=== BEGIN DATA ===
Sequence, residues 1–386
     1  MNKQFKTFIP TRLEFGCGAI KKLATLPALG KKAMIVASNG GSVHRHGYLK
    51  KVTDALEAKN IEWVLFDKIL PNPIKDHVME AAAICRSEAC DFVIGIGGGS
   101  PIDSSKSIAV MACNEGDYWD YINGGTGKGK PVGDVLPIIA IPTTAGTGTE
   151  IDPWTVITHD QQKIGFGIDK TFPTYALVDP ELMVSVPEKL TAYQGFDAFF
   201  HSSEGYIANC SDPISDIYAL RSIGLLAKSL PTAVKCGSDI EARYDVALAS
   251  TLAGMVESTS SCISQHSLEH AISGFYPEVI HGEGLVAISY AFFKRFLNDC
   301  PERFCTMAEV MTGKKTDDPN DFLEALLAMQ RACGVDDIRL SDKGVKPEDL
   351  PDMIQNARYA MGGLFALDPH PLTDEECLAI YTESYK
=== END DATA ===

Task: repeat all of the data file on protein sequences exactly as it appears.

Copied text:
Sequence, residues 1–386
     1  MNKQFKTFIP TRLEFGCGAI KKLATLPALG KKAMIVASNG GSVHRHGYLK
    51  KVTDALEAKN IEWVLFDKIL PNPIKDHVME AAAICRSEAC DFVIGIGGGS
   101  PIDSSKSIAV MACNEGDYWD YINGGTGKGK PVGDVLPIIA IPTTAGTGTE
   151  IDPWTVITHD QQKIGFGIDK TFPTYALVDP ELMVSVPEKL TAYQGFDAFF
   201  HSSEGYIANC SDPISDIYAL RSIGLLAKSL PTAVKCGSDI EARYDVALAS
   251  TLAGMVESTS SCISQHSLEH AISGFYPEVI HGEGLVAISY AFFKRFLNDC
   301  PERFCTMAEV MTGKKTDDPN DFLEALLAMQ RACGVDDIRL SDKGVKPEDL
   351  PDMIQNARYA MGGLFALDPH PLTDEECLAI YTESYK